"About 400 people crowded into a church in Georgetown on Monday night to discuss the Senitt killing. Solberg, the commander of the 2nd Police District, was addressing that forum when he made his remarks about race. Senitt was white, and the suspects in the case are black.

"When he made the comment, Solberg was telling the crowd to report suspicious-looking people to police when they see them in the neighborhood. He talked about the suspects in the Senitt killing and described one as a 'chubby, stocky guy' and one as a 15-year-old. He said at 2 a.m. they 'are going to stand out' in the area.

"'They were black,' Solberg said. 'This is not a racial thing to say that black people are unusual in Georgetown. This is a fact of life.'

"...In an interview after the meeting, he told WJLA-TV (Channel 7), 'What should be suspicious is three guys standing out on a street corner at 2 o'clock in the morning.'

"Ramsey said yesterday that Solberg is 'a good man, not a racist or anything like that.' Ramsey said...He reassigned Solberg to the police department's security services section pending the outcome of the investigation.

"Bill Starrells, a member of the Advisory Neighborhood Commission from Georgetown who was at the meeting, said he 'winced' when he heard the comment. 'Obviously it was out of place,' Starrells said. 'It was out of character for him. It was an unfortunate comment.'

"He said Solberg has done 'great work' in the 2nd Police District. Solberg, a 19-year veteran, took charge of the district in April.

"Other community activists in Georgetown and downtown said they were surprised that Solberg had been reassigned for the statement. Lowaunz Tascoe, a black shop owner who has lived in Georgetown for almost 40 years, said Solberg had merely stated the truth.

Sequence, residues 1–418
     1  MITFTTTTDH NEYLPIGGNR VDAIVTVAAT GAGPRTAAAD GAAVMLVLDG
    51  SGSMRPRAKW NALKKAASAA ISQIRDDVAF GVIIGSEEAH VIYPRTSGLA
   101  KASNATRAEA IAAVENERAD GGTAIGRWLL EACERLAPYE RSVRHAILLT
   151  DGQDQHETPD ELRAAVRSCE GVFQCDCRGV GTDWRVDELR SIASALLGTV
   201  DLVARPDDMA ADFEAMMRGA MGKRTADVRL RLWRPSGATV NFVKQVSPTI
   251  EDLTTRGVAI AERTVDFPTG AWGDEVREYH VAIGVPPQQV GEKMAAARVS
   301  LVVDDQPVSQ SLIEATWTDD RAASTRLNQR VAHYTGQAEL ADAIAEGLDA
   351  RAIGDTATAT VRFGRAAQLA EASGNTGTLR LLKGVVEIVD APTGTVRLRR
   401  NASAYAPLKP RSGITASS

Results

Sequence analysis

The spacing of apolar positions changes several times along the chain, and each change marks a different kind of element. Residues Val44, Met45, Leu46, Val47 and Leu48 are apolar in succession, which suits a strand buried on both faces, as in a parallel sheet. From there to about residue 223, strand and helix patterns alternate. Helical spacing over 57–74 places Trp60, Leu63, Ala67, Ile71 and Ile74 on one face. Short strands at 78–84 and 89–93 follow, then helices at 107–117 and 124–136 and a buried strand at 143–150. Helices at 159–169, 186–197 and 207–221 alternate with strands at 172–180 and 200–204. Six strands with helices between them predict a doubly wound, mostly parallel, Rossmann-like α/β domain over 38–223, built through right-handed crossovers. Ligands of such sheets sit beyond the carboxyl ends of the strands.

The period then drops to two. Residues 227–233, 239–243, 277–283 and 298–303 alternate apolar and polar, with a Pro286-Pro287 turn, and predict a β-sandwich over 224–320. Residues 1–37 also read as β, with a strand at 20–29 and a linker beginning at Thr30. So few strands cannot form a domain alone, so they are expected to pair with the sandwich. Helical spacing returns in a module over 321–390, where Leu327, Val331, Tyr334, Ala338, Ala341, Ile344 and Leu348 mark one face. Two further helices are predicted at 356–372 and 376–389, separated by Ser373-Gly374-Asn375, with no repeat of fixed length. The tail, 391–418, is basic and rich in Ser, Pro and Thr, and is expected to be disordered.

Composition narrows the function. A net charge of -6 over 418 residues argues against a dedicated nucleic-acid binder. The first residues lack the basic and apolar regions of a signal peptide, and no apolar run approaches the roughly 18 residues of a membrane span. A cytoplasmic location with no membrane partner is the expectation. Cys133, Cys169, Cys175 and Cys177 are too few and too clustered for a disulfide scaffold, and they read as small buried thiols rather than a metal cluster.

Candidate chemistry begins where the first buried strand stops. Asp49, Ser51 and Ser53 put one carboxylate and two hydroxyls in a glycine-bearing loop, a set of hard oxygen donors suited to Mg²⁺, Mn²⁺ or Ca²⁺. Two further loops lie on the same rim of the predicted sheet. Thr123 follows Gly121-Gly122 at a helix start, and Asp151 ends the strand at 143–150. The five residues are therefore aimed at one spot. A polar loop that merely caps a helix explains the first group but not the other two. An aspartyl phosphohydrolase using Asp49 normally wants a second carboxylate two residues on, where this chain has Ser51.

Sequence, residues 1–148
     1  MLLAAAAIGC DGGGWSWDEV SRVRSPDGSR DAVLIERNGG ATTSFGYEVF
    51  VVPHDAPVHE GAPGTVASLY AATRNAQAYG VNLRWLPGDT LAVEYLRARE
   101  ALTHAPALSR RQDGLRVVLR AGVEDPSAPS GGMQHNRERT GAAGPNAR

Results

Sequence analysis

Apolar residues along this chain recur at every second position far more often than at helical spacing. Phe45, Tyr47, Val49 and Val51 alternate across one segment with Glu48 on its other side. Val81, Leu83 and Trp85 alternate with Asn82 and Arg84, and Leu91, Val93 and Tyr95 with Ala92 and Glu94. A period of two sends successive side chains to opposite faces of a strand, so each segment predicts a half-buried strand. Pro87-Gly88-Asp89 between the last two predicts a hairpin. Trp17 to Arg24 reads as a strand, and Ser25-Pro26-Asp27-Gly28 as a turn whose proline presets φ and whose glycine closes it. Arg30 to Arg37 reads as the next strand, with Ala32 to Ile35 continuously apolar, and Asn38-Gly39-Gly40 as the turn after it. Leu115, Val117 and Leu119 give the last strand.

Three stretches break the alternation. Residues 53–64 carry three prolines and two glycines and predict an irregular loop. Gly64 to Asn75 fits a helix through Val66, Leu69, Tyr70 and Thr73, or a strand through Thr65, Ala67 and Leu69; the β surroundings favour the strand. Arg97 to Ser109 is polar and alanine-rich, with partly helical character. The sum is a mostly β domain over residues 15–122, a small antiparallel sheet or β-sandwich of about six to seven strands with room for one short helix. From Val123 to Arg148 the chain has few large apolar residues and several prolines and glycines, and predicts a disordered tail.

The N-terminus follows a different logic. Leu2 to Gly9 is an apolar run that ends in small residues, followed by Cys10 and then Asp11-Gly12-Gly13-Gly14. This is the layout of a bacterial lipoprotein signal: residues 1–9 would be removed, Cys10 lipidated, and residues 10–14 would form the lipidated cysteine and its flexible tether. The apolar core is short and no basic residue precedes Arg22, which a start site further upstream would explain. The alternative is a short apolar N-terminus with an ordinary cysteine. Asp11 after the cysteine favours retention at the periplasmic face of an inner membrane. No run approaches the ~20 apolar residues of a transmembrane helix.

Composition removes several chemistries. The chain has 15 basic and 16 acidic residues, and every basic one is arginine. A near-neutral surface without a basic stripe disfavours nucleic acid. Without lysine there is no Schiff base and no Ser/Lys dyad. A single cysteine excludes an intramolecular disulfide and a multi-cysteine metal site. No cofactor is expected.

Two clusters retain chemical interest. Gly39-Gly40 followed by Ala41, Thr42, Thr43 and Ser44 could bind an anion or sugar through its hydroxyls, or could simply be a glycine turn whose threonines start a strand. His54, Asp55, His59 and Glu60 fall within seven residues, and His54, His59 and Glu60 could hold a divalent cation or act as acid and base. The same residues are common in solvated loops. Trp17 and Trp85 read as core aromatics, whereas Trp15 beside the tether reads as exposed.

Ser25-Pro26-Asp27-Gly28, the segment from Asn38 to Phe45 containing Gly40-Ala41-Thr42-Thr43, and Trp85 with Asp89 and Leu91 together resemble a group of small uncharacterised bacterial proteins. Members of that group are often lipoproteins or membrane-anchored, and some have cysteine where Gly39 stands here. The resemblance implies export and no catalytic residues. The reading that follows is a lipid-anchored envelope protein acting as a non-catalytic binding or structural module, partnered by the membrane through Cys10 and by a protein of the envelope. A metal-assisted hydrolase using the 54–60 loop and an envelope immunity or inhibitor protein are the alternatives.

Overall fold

"'How come people don't know that? These people live in a box?' Tascoe said. 'It is highly, highly unusual to see three young black males roaming around up there in the residential neighborhoods.'

"Advisory Neighborhood Commissioner Leroy Thorpe said he suspects that Ramsey transferred Solberg to 'play it safe politically' and ease racial tensions over radically different outcomes in two high-profile weekend killings."
The weekend murders of two rather high-profile individuals led to the declaration of a crime emergency: Alan Senitt, who was white, and Chris Crowder, who was black. Alan Senitt's killing was the more recent, by a day or two; as mentioned above in the citation from the Washington Post, his throat was slit and his girlfriend sexually assaulted during a robbery in Georgetown. Chris Crowder was shot several times as he sat in his wheelchair near the Washington Convention Center; again, robbery appears to have been the motive. Arrests have been made in the case of Alan Senitt's killing, Crowder's murderers have not been apprehended.

Perhaps Inspector Solberg's words were problematic, particularly in a public meeting. But is now the time to be pursuing political correctness?

When the police and the locals hear about murders in particular areas of the District of Columbia, shoulders are shrugged. "Well, that's Southeast" or "Well, that's Northeast" are the comments made. But when violent crime comes to Northwest, the section of town which includes the National Mall and Georgetown, a crime emergency is declared. Coincidence?

Addendum from Courtland Milloy's column today: